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Wednesday, August 12, 2020  Spokane, Washington  Est. May 19, 1883
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Students Measure Up To Task

Bill Nuchols presides over his miniature housing development with calm.

Cardboard houses are everywhere, in various stages of completion.

For every fifth-grade builder who comes flying across the classroom with a question - “How long does it take Elmer’s glue to dry?” “Can I borrow your utility knife?” “Could you cut my stairway?” - Nuchols has a relaxed way of helping each stay on track.

Out comes Nuchols’ penknife, and he listens to Duska Anderson explain just where the opening should go for her stairs.

“Unh-uh, that’s our hallway,” she corrects him, and then, helpfully: “Don’t cut your leg open.”

She needn’t worry. Nuchols, 63, has been doing this project for he’s not sure how many years. He uses it to teach his students about measurement. Two cardboard models of his own house sit on a table at the rear of the room.

Nuchols’ fifth-grade class at Skyview Elementary School began this project after Christmas break. They measured their own homes - walls, doors, windows, decks. And on a scale of 1 centimeter to one foot, up went cardboard models of their own homes.

The kids work on their houses about half an hour a day. They enjoy it so much, Nuchols uses that time as a reward.

“If you get your work done, you can work on your house,” he said.

He points out that this hands-on learning is right in line with the state’s new essential learnings.

“This seems much more real than anything you can do out of a textbook,” Nuchols said.

Innovations pop up among these student builders. (And among their parents.)

Joseph Kyhl’s cardboard house has a living room with wall-to-wall carpet - cut directly from a leftover piece of carpeting, the same carpet used in his family’s living room.

“My dad did it,” said Kyhl, with a big grin.

One girl’s graph-paper kitchen floor had been painstakingly marked with a miniature design to look like a patterned vinyl floor.

“My mom did it,” the girl admitted.

But the discovery that really attracted attention was this: Really cool stairs could be made just by ripping off one outer layer of cardboard, so that the wiggly inner layer shows.

Presto, stairs. No cutting and gluing each individual step.

A cluster of fifth-graders surrounded Kyhl’s house. He, in turn, basked in momentary glory. Which he owed entirely to his older brother. Who built his own cardboard house in Nuchols’ class three years ago.

Spelling stars compete

The 24th annual Valley Spelling Bee is tonight at Bowdish Junior High.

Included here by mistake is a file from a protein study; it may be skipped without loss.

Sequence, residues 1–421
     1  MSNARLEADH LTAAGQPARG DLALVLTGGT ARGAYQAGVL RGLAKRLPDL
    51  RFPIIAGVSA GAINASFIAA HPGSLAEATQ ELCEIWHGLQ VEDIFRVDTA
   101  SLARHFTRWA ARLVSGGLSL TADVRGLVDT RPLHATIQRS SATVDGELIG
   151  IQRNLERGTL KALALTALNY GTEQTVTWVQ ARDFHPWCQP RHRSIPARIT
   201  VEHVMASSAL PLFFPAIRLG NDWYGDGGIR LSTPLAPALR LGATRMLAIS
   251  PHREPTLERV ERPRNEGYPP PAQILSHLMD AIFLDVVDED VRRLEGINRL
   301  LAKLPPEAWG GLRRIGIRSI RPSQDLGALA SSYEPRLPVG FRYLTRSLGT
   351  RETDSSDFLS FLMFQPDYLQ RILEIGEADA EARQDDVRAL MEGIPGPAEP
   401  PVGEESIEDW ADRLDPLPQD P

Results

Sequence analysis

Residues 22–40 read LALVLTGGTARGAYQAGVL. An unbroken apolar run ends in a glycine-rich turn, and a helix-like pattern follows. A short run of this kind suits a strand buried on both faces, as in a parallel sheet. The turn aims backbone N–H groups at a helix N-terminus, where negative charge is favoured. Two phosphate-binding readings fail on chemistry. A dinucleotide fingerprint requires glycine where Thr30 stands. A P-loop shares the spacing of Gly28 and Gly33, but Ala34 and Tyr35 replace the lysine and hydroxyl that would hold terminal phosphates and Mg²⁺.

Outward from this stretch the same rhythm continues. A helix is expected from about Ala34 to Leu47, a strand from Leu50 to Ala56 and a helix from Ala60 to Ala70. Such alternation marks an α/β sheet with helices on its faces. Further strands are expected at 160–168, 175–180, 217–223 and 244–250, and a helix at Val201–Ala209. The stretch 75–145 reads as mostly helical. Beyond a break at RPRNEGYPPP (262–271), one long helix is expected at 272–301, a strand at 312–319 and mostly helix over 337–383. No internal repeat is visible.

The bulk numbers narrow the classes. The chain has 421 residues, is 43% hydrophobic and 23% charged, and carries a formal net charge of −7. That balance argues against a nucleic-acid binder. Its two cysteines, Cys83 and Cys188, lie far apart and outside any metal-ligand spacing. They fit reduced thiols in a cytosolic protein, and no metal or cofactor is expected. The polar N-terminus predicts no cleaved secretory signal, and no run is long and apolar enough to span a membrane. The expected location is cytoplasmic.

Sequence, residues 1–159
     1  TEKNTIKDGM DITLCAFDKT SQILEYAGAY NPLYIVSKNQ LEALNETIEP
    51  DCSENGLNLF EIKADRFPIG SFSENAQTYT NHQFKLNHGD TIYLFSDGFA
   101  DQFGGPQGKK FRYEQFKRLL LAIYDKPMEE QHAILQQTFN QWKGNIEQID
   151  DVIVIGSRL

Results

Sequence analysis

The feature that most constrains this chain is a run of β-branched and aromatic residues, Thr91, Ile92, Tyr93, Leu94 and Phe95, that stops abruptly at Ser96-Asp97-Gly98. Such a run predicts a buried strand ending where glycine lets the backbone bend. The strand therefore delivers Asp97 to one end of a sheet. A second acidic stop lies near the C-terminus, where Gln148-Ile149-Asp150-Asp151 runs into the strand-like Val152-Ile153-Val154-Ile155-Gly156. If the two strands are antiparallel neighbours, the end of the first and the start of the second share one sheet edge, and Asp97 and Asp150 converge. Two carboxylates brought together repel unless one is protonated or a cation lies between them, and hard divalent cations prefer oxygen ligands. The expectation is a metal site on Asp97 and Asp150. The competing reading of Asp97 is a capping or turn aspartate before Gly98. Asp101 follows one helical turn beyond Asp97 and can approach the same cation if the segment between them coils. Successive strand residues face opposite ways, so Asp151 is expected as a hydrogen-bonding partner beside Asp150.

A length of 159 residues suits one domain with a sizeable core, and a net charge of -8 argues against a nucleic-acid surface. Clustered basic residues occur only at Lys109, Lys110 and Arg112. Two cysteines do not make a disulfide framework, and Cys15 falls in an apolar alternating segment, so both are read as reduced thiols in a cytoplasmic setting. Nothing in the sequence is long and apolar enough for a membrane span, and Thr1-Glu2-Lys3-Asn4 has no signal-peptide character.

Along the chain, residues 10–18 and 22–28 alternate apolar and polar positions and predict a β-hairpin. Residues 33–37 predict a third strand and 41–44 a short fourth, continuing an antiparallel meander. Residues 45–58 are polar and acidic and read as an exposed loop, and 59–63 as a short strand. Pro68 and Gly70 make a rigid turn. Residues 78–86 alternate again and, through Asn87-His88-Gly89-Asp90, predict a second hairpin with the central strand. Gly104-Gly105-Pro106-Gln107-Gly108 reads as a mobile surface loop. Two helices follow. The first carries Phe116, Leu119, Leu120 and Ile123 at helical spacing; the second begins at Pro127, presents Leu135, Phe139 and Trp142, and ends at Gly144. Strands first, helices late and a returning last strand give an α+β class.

Finalists include:

Matt Schroeder, ninth-grader at Bowdish; Adrienne Gore, eighth grader at Centennial Middle School; Larissa Burton, sixth-grder at East Valley Middle School; Zac Field, eighth-grader at Evergreen Junior High; Heather Kesterson, eighthgrader at Gethsemane Lutheran School; Holly Adams, sixth-grader at Grace Christian School;

Richard Haugen, seventh-grader at Greenacres Junior High; Brenda Heaton, ninth-grader at Horizon Junior High; Jay Hanley, sixth-grader at Mountain View Middle School; Catie-Rose Sherry, eighth-grader at North Pines; Brice Sodorff, sixth-grader at Spokane Christian Academy; Andrew Fuchs, seventh-grader at St. John Vianney School; Cassie Merryman, seventh-grader at St. Mary’s School; Jonathan Le, St. Paschal’s School; Casey Luport, eighth-grader at Valley Adventist School; and Silas Hilliard, eighth-grader, Valley Home Scholars.

Info on youth violence

Parents and others in the Central Valley School District are invited to an evening talk on youth violence and community issues.

Central Valley High School Resource Officer Charles Hollen will speak at 7 p.m., Feb. 11, at Blake Elementary School.

Hollen will discuss youth problems, including gang-related issues, suggestions of who concerned residents should contact, and what behavior to watch for in their own neighborhoods.

VFW essay winners

Several Valley students were winners in a recent essay contest sponsored by Veterans of Foreign Wars Post 1435 and Ladies Auxiliary.

Organizers have announced these first-place essay winners:

Robert McCoy, third-grader at St. Paschals.

Emily Bettinger, fourth-grader at St. Paschals.

Ian Robison, fifth-grader at Opportunity Elementary.

Amanda Coats, sixth-grader at Progress Elementary.

Matt Lidenburg, seventh-grader at Evergreen Junior High.

Brian Agee, eighth-grader at Evergreen.

Jessica Nichols, ninth-grader at North Pines Junior High.

Among high school entrants, 10th grade and beyond: these two students won:

Sarah Shryack, Central Valley High School, and Rebecca Lorang, West Valley High School.

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